The mysterious Area X, a seemingly pristine wilderness protected by an invisible border, in which odd things are occurring, is heavily based on the St. Marks Wildlife Refuge. I’ve hiked there for over 15 years now, and the 14-mile trail I do is basically (transformed) the setting for Annihilation. Although none of the strange things in the book have occurred to me while hiking, some form of them has. For example, being charged by a wild boar or the peculiar dislocation of encountering dolphins in freshwater canals beside the trail. Other sections of the novel are based on exploring Botanical Bay on Vancouver Island. And there are other real-world affinities that make Annihilation very personal to me. (You can find nonfiction about me hiking in St. Marks in this blog entry.)
Meanwhile, the second book, Authority, is set back across the border, in the world we all know. The main character goes by the nickname of “Control” and has just taken over as the new director of the Southern Reach, the secret government agency that oversees the often ill-fated expeditions into Area X, trying to find out what’s going on. Control is another character, like the biologist, who goes his own way, but has been protected by his pedigree as a third-generation spook. What he finds in the Southern Reach is an agency that, over 30 years, has become more and more eccentric and less logical in its approaches. Not only does he have to negotiate his way through a toxic, Kafkaesque work terrain, but new information from Area X makes his job, and the tasks before him, ever more perilous and important. This situation combines with the odd notes left by the former director and newly uncovered video footage from the first expedition to go into Area X to give the novel the outward texture of a thriller. Learning more about the invisible border and other elements also makes Authority rather tension-filled.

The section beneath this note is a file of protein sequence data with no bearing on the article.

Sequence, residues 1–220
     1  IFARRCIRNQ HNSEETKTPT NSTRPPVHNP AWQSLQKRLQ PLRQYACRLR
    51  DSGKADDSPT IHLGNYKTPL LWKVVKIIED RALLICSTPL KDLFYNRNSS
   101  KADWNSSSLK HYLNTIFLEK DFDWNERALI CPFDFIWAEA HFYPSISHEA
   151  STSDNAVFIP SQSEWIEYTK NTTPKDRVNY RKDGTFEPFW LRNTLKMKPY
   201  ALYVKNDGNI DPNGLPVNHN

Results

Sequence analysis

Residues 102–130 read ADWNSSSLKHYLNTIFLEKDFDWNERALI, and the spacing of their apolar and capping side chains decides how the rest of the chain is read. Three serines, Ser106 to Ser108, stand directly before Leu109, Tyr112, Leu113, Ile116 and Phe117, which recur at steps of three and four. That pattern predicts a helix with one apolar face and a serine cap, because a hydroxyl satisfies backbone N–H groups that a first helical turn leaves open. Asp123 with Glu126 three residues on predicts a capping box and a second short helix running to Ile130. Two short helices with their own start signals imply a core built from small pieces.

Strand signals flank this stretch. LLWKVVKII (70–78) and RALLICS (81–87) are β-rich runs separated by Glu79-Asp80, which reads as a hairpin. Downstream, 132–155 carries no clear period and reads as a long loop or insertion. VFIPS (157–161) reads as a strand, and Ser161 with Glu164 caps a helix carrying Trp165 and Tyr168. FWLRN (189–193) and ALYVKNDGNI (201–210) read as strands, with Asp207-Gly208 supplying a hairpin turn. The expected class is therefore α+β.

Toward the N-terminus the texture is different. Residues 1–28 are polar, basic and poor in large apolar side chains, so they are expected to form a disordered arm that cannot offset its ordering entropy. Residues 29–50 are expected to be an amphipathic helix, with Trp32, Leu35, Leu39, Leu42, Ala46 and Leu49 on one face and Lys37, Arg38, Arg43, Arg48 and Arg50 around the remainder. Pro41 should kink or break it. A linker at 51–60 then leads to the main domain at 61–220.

That’s pretty much all I’m willing to share about book two for now, except to say that it starts with a few shocks and just ramps up from there, but all of it firmly grounded in Control and his viewpoint on things.
Here are some other links of possible interest.
—Happy to see someone getting the texture/tone of the Southern Reach series right.
—Speculation here about how quickly the movie rights to the books were picked up. In actual fact, they read the first novel and loved it.
—Short piece that talks about the books not being YA. This is true. But the generalizations about YA speak more to the fact it’s a catch-all category than the actual quality of individual YA books.